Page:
To All the Boys I've Loved Before - a cute but flawed YA romance

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This was a really cute book that featured a really cute slow-burn romance. I loved the dynamic between Lara Jean and her two sisters and their father. I was happy to see that the book featured a functional, loving family (although I do get a little tired of the "dead mother" trope). The Covey family had their own holiday traditions and quirks, which to me made them jump off the page. Despite being close, each sister had secrets hidden from the others, which leads into the biggest thing I enjoyed about this book - the moral ambiguity. There were no clear answers, and lots of moral grayness.

However, I did have a lot of issues with this book. I think a lot of it is personal preference. There's nothing inherently wrong with it, this book was just not for me.

My biggest problem with this book was the misleading blurb. If you read the blurb of this book, you'd think the plot is this:

A teen girl has written letters to every boy she's ever liked, but when the letters somehow get mailed out, she has to face a lot of drama as suddenly all her former crushes know her feelings.

I was excited about this storyline, because I was hoping for lots of angst a plotline that forced the main character out of her shell. Kind of like Cole Gibsen's drama-filled LIFE UNAWARE, when all the secret and nasty messages the main character wrote about her classmates suddenly get posted around the school.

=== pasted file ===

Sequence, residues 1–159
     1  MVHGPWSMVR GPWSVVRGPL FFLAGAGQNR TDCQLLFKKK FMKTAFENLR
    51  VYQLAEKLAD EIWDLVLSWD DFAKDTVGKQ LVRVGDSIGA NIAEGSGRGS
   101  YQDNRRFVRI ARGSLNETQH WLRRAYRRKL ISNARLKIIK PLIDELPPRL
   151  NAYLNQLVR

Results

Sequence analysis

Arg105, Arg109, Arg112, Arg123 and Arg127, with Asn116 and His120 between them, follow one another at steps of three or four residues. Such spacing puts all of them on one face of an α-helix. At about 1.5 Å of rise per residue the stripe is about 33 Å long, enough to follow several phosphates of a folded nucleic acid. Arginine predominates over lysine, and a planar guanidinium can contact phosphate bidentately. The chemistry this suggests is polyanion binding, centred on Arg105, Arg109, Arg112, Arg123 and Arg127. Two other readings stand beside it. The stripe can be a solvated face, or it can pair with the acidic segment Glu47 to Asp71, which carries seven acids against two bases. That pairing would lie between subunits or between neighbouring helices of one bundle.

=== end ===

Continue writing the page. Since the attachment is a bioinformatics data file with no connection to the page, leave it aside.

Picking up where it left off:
However, that is not the plot of this book. The plot of the book is this:

A teen girl has a crush on her older sister's boyfriend. When he finds out, she forms a fake relationship with the school's "popular guy" in order to make his ex jealous and get her sister's boyfriend to think she's over him.

The letters don't get mailed until about page 65, which meant the first 65 pages felt a bit slow to me - we just see Lara Jean's day to day life. Then, once the letters come out, there's a few pages of drama, only to be resolved within those few pages. The real "fake relationship" plotline starts soon after.

I also felt like the characters all read several years younger than their stated ages. And not just Lara Jean, but Josh and Kitty too. A lot of the internal and external dialogue felt young to me, with a few awkward slang words that felt unnatural. There was also a use of "You're not like other girls," which I don't like. What's wrong with being like other girls? Other girls are awesome!

Lara Jean's "best friend" Chris read almost like a one-dimensional caricature who was added solely so the main character could actually have a friend; she had virtually no development aside from her vulgarity, and I honestly struggled to believe that the two were actually friends at all.

I also felt that the identity of the person who mailed the letters was so obvious, that I was shocked (and found it hard to believe) when Lara Jean never even entertained the possibility that this person was behind it.

Finally, this book had a non-ending. I get that it's part of a two-book series, but I at least wanted a little more of a resolution by the end of this one. It ended so abruptly, for a moment I wondered if a few pages had been cut off.

Overall, however, these were just things that didn't work for me. I think many readers will love this book (and do love it! It's a NYT Bestseller!). The characters were well developed and it was a quick, fun, and light read. I also loved both Peter and Josh - they're both so sweet and likable! I'll probably pick up the sequel eventually; I do want to see how this all plays out.

Grade: 
3.0 / 5.0